Health Care Costs

Medicare Surprise: Drug Plan Prices Touted During Open Enrollment Can Rise Within a Month

Something strange happened between the time Linda Griffith signed up for a new Medicare prescription drug plan during last fall’s enrollment period and when she tried to fill her first prescription in January.

She picked a Humana drug plan for its low prices, with help from her longtime insurance agent and Medicare’s Plan Finder, an online pricing tool for comparing a dizzying array of options. But instead of the $70.09 she expected to pay for her dextroamphetamine, used to treat attention-deficit/hyperactivity disorder, her pharmacist told her she owed $275.90.

“I didn’t pick it up because I thought something was wrong,” said Griffith, 73, a retired construction company accountant who lives in the Northern California town of Weaverville.

“To me, when you purchase a plan, you have an implied contract,” she said. “I say I will pay the premium on time for this plan. And they’re going to make sure I get the drug for a certain amount.”

But it often doesn’t work that way. As early as three weeks after Medicare’s drug plan enrollment period ends on Dec. 7, insurance plans can change what they charge members for drugs — and they can do it repeatedly. Griffith’s prescription out-of-pocket cost has varied each month, and through March, she has already paid $433 more than she expected to.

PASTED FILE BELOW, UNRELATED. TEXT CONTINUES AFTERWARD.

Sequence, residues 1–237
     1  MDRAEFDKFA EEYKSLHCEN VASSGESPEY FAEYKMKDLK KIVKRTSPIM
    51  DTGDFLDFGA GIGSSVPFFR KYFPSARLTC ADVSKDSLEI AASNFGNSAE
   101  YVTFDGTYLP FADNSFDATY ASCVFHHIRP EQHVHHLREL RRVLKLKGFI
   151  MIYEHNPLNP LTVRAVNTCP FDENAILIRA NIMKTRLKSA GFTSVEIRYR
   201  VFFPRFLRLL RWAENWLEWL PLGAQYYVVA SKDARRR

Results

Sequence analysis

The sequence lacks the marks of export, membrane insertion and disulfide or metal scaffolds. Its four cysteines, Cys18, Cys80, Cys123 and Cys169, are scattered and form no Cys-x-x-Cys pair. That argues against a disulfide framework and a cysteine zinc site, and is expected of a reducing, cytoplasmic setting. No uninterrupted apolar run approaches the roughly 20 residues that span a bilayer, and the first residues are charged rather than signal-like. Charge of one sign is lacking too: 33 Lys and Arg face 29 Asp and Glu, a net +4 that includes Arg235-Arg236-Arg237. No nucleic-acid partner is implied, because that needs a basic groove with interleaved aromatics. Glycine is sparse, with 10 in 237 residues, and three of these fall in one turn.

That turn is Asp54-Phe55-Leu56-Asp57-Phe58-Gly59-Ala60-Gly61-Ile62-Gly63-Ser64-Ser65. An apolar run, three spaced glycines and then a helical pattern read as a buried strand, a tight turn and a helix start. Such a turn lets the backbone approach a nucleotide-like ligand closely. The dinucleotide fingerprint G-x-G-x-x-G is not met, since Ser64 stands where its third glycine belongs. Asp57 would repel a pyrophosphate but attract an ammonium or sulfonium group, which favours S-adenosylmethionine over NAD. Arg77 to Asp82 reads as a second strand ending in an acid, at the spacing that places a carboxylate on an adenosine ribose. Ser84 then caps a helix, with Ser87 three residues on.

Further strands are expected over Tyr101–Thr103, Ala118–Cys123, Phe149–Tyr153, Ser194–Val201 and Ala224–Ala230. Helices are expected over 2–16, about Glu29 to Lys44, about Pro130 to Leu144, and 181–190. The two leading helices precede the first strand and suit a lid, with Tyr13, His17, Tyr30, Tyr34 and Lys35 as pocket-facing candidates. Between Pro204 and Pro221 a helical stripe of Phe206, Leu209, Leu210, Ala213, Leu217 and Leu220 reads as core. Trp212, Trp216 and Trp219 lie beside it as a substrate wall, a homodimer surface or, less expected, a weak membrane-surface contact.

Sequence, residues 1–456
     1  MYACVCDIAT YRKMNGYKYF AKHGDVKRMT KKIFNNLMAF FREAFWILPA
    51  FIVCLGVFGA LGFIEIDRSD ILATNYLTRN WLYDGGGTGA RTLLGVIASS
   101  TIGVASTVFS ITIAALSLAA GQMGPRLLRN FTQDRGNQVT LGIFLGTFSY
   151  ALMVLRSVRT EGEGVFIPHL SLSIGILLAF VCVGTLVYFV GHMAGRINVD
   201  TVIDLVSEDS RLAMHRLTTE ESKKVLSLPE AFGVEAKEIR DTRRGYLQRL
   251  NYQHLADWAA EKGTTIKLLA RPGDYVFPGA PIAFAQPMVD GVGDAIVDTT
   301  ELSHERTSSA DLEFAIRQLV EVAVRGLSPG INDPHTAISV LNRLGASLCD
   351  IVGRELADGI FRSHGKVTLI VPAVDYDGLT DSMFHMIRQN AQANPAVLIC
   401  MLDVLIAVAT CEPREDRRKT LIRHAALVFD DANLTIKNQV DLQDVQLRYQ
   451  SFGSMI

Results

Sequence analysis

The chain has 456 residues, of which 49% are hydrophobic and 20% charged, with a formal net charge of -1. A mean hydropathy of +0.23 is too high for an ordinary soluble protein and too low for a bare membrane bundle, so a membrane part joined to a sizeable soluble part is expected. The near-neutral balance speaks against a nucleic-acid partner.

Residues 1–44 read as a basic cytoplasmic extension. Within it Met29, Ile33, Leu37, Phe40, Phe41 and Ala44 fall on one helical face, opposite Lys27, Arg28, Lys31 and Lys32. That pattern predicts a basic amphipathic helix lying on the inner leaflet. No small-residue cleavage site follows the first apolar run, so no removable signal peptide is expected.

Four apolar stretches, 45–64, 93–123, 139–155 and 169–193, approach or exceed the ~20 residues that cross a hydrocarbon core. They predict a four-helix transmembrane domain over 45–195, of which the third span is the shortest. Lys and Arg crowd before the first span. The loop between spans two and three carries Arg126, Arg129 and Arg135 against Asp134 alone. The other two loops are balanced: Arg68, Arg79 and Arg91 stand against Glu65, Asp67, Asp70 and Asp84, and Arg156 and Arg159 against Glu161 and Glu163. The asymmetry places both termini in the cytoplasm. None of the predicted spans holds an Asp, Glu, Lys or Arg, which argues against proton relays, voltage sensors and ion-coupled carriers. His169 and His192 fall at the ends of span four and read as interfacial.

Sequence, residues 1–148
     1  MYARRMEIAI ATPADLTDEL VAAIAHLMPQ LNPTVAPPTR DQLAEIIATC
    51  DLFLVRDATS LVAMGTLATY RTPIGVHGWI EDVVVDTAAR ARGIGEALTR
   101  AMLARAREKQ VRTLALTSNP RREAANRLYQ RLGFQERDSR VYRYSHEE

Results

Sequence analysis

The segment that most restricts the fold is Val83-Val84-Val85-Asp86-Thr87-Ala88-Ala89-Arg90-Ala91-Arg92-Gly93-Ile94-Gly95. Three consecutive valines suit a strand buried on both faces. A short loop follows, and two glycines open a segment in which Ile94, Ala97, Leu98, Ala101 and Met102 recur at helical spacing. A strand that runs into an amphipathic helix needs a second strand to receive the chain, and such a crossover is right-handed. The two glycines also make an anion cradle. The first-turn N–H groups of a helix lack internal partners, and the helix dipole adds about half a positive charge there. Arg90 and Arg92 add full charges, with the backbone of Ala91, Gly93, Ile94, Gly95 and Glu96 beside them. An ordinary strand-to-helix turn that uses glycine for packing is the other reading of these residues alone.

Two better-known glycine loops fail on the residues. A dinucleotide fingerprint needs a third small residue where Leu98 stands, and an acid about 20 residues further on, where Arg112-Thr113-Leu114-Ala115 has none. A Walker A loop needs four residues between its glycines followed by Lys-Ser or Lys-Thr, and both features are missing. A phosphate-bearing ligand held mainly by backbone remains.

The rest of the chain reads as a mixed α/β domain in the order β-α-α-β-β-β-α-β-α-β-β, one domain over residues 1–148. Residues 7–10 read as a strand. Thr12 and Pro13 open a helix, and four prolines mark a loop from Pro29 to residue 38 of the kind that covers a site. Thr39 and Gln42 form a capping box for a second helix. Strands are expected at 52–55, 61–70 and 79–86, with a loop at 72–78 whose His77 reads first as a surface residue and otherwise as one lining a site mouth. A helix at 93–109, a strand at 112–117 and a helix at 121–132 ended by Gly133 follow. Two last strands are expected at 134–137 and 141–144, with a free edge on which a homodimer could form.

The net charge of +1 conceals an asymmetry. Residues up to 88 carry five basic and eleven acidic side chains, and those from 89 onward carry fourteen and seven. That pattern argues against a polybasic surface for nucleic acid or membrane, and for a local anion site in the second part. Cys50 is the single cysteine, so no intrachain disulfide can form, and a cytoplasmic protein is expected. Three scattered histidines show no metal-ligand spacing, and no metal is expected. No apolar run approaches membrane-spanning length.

A recent analysis by AARP, which is lobbying Congress to pass legislation to control drug prices, compared drugmakers’ list prices between the end of December 2021 — shortly after the Dec. 7 sign-up deadline — and the end of January 2022, just a month after new Medicare drug plans began. Researchers found that the list prices for the 75 brand-name drugs most frequently prescribed to Medicare beneficiaries had risen as much as 8%.

Medicare officials acknowledge that manufacturers’ prices and the out-of-pocket costs charged by an insurer can fluctuate. “Your plan may raise the copayment or coinsurance you pay for a particular drug when the manufacturer raises their price, or when a plan starts to offer a generic form of a drug,” the Medicare website warns.

But no matter how high the prices go, most plan members can’t switch to cheaper plans after Jan. 1, said Fred Riccardi, president of the Medicare Rights Center, which helps seniors access Medicare benefits.